In addition to the nine already in place, Rye and other developers have licensed 12 total hydropower facilities yet to be constructed.
Developers who want to build a hydropower facility must submit their plans through the Federal Energy Regulatory Commission. FERC has the authority to decide whether a developer can build and operate a hydropower facility at a requested location. In addition, FERC performs environmental reviews to ensure facilities will not degrade the environment. The U.S. Army Corps of Engineers assists with design reviews at various planning stages.
“We work with the developer every step of the way,” Sakmar said. “We make sure a new facility isn’t going to cause any undue risk to our infrastructure, the public, water quality or the environment.”
Hydropower has several environmental requirements to maintain quality downstream, including water temperature, dissolved oxygen levels, and flow.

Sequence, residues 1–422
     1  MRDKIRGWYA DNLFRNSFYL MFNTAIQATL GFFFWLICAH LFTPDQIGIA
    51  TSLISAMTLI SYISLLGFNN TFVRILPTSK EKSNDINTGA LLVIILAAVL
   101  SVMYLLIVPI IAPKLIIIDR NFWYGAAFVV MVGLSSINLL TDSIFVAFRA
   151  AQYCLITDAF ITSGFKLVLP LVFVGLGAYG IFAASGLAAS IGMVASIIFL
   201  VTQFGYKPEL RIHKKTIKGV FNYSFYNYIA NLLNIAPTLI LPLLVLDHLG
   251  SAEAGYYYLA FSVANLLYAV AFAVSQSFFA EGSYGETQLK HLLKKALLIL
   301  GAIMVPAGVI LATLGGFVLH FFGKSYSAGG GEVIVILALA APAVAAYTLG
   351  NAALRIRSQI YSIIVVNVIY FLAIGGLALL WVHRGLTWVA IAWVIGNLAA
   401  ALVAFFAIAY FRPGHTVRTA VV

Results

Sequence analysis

Safety and impact on water operations are other important factors. The Pittsburgh District does not change its outflow projections at reservoirs or locking facilities to produce more electricity. Instead, the district determines outflow at reservoirs according to its mission to reduce the risk of flooding, keep river navigation flowing and meet specific water quality projections.
“Our primary mission is to protect lives and support inland navigation. We want to make sure new hydropower plants are not going to impair the mission for why our dams were built in the first place,” Sakmar said.
Reviewing a proposed plan and licensing each facility can take several years before construction can begin. It can be a long, arduous process, but one that helps ensure the quality of the nations’ waters while boosting local economies.
“Partnership with developers is key to transitioning our dams to meet 21st century needs,” Sakmar said. “Each of these partnerships we have with developers is beneficial in harnessing resources and energy we already have, rather than trying to depend on non-renewable materials. This is just one little piece of the puzzle to help solve the overall energy needs we’re all looking to navigate.”